Getting to know Phoebe Dean: Delightful barely begins to describe my recent experience of spending time talking with 21-year-old self-taught artist Phoebe Dean. In addition to being very accomplished in the art of drawing, Dean is also a barista at downtown Damariscotta coffee bar and co-working space Buzz Maine. She is the one responsible for making the cool-looking new signage tacked onto the front counter at Buzz.
Dean’s work – like Dean herself – is striking and unique, and possesses an enchanting, introspective depth. Her prolific output – she has been drawing for hours a day since she was a child – often features birds, cats, hearts, bees, owls, and lovely long-haired young women that seem both innocent and worldly at the same time.
“My style is typically created by layering many layers of different materials – graphite, pen and ink, colored pencils, gouache, acrylic, and watercolors – usually all in the same piece,” Dean told me. Combining materials, for instance, resulted in the appealingly smooth quality of one of her pieces, the cool-toned “Space Cat,” to which she applied a wash of watercolor paint over the cat in the colored pencil drawing.
“I started drawing when I was 4 years old. I spent most of my childhood drawing. I took it seriously at a young age,” she said, adding that her long daily stints of art-making were often accompanied by Frank Sinatra music.
These days, Dean is accompanied by her cat, Suki, who sits on her lap while she draws, sometimes for six hours at a stretch. “She’s a great artist companion,” Dean said of Suki.
Dean, who lives in Warren, said that “the quietness of Warren, the lack of busy-ness there” gives her the uninterrupted time and inspiration to make art.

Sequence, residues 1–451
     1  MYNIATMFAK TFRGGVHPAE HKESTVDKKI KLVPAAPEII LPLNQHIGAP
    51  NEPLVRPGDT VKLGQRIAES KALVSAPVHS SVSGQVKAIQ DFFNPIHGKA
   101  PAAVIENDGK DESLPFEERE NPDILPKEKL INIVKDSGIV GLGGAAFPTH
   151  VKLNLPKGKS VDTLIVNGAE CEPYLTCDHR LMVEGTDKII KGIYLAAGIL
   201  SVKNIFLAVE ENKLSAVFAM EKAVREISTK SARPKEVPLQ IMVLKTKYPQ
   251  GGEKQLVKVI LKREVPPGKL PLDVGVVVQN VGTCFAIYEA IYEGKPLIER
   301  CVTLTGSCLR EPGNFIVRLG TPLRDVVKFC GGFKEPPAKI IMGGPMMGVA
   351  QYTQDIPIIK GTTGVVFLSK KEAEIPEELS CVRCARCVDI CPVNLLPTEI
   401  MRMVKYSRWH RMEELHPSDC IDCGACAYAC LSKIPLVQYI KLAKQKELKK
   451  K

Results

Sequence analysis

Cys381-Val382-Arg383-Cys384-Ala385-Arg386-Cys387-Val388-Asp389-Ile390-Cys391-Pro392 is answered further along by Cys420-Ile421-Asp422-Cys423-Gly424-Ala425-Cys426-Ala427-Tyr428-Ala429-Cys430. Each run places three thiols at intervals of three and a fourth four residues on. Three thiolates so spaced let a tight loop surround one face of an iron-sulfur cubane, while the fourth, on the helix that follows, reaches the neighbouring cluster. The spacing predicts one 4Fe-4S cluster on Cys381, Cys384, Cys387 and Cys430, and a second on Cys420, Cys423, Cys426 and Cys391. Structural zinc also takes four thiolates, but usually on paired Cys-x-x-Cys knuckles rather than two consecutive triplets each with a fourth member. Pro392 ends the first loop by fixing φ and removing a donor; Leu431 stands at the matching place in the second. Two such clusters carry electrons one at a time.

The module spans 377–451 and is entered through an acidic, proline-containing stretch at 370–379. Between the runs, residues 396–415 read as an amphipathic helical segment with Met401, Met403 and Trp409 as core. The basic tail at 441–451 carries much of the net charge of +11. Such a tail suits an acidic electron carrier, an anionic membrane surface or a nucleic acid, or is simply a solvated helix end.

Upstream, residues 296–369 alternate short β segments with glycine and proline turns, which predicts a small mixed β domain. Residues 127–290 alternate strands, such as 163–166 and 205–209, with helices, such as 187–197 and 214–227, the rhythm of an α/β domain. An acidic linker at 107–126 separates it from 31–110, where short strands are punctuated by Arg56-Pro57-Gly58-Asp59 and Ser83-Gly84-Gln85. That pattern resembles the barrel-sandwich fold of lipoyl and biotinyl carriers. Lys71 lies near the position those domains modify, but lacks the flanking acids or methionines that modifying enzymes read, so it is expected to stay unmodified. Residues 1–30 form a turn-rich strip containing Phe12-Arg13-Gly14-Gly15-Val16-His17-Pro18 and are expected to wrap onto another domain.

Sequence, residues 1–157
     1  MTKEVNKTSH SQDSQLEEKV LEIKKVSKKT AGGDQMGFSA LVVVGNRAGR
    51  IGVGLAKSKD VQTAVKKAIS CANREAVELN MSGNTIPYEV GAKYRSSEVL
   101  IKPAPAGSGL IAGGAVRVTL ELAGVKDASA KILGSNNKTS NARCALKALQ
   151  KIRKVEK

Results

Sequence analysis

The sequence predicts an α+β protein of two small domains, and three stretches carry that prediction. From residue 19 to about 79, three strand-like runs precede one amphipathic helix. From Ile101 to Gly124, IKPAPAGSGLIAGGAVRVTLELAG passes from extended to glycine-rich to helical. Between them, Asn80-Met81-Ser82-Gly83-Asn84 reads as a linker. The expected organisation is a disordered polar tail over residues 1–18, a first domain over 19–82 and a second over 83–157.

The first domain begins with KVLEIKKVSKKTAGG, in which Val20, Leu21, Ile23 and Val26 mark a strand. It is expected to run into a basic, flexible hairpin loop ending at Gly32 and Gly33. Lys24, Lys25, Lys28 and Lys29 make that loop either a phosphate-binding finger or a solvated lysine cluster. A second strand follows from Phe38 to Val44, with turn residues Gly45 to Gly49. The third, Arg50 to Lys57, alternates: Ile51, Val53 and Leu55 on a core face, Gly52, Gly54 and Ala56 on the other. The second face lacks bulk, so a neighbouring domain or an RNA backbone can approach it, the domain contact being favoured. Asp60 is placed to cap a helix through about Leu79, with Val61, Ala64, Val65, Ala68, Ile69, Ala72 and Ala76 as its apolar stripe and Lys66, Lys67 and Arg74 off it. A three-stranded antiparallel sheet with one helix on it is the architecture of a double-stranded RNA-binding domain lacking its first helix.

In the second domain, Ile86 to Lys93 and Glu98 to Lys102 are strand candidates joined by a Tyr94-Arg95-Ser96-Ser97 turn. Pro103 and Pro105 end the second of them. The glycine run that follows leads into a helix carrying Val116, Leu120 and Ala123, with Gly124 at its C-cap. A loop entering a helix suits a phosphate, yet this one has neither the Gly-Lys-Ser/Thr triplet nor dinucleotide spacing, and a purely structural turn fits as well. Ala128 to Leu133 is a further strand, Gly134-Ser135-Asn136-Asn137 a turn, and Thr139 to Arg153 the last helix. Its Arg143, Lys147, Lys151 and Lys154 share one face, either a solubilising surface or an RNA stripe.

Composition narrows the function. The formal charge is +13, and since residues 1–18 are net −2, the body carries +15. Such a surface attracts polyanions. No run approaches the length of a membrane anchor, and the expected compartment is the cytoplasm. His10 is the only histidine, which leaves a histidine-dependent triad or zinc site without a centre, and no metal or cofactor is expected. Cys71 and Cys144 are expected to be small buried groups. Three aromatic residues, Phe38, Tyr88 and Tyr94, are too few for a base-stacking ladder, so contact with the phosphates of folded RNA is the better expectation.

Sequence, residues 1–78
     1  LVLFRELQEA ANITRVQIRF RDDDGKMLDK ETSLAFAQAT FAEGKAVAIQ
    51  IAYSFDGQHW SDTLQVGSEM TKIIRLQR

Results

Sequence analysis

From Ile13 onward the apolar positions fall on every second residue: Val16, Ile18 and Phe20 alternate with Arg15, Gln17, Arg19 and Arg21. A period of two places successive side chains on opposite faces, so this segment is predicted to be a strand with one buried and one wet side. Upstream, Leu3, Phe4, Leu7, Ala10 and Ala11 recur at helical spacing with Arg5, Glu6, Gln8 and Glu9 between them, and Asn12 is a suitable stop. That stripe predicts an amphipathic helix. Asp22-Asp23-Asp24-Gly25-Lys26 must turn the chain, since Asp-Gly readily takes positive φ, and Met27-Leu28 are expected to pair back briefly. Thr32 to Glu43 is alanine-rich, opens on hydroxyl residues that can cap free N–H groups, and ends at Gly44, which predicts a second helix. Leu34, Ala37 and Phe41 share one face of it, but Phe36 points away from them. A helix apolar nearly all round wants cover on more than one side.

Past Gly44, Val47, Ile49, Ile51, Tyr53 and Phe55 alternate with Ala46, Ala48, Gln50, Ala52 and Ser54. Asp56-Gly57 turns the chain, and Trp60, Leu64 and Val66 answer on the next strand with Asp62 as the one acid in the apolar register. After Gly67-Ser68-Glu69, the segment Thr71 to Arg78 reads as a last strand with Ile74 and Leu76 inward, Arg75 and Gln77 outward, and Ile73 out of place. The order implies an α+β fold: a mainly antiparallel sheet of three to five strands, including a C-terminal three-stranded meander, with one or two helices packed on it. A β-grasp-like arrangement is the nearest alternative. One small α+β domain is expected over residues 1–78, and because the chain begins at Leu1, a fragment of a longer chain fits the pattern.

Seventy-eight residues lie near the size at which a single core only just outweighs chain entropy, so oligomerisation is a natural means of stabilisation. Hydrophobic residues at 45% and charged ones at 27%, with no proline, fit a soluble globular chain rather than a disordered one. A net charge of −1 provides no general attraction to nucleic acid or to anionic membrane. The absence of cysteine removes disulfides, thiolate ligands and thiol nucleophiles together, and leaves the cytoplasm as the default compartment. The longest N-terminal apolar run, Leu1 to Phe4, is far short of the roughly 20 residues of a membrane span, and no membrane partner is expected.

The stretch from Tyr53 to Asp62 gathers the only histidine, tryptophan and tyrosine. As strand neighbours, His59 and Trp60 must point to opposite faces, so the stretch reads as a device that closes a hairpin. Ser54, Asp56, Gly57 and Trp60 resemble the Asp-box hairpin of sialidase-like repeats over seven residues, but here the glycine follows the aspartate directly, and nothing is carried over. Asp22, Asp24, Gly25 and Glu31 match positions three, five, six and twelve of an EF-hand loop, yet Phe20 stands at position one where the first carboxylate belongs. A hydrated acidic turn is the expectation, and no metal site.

“I keep my art supplies all around me,” she said. “I’ll have paper in front of me and not know what I’m about to draw. I don’t plan sketches first. I’ll charge right in with pen a lot of the time.
“A lot of my inspiration does come from personal pain that I’ve integrated, and I make something beautiful out of it.”
Dean counts Indiana contemporary pop-surrealist artist Mab Graves and the late, legendary Frida Kahlo as two of her main artistic influences.
“At 21, I try to take my artwork very seriously and maintain my goals of becoming a successful artist that grows throughout my process,” Dean said. “I try to make sure that all of my work has a lot of soul in it. If I start a piece and I’m not ‘in’ it, I’ll set it aside.”
Dean, who has been creating tattoo designs for clients since she was 14, aspires to become a tattoo artist – applying her own designs to people’s skin herself. She also wants to be a “book maker” – a maker of books – and develop a line of merchandise, such as T-shirts, mugs, and posters, with her designs on them.
Dean has shown her artwork at St. George River Cafe in Warren and in two shows on Mount Desert Island, where she lived before moving to Warren two years ago. She hopes to show her work locally and in the Portland area at some point.
Dean said that part of the aim of her artistic work is “to bring a really full feeling from my heart” to those who see her work and to those with whom she hopes to work with as a facilitator of the artistic process. She said she plans to work with teenage girls in the future “to help strengthen them emotionally through artistic processes.” She is currently developing a curriculum.
Delve into Dean’s fantastic art on her Facebook page, Art by Phoebe Dean. Buzz Maine is located at 133 Main St., Damariscotta.
Congratulations in order: I recently read in the Portland Press Herald that the Monhegan Museum of Art & History received a $1 million “challenge grant” from Monhegan painter Jamie Wyeth and his wife, Phyllis Wyeth, via the Wyeth Foundation, toward the museum’s $4 million fundraising campaign. The museum has three years to match the grant.
Jamie Wyeth, as staff writer Bob Keyes pointed out, “is the son of the late Andrew Wyeth, one of America’s foremost representational painters, who made Maine the subject of many of his most famous paintings, and the grandson of illustrator N.C. Wyeth.”
“I’ve watched the museum over the many years that I have lived on Monhegan, and it’s gone from a little museum about the island and its history to a major art museum that has become a destination and the reason that many people come to Monhegan to visit,” Jamie Wyeth was quoted as saying.
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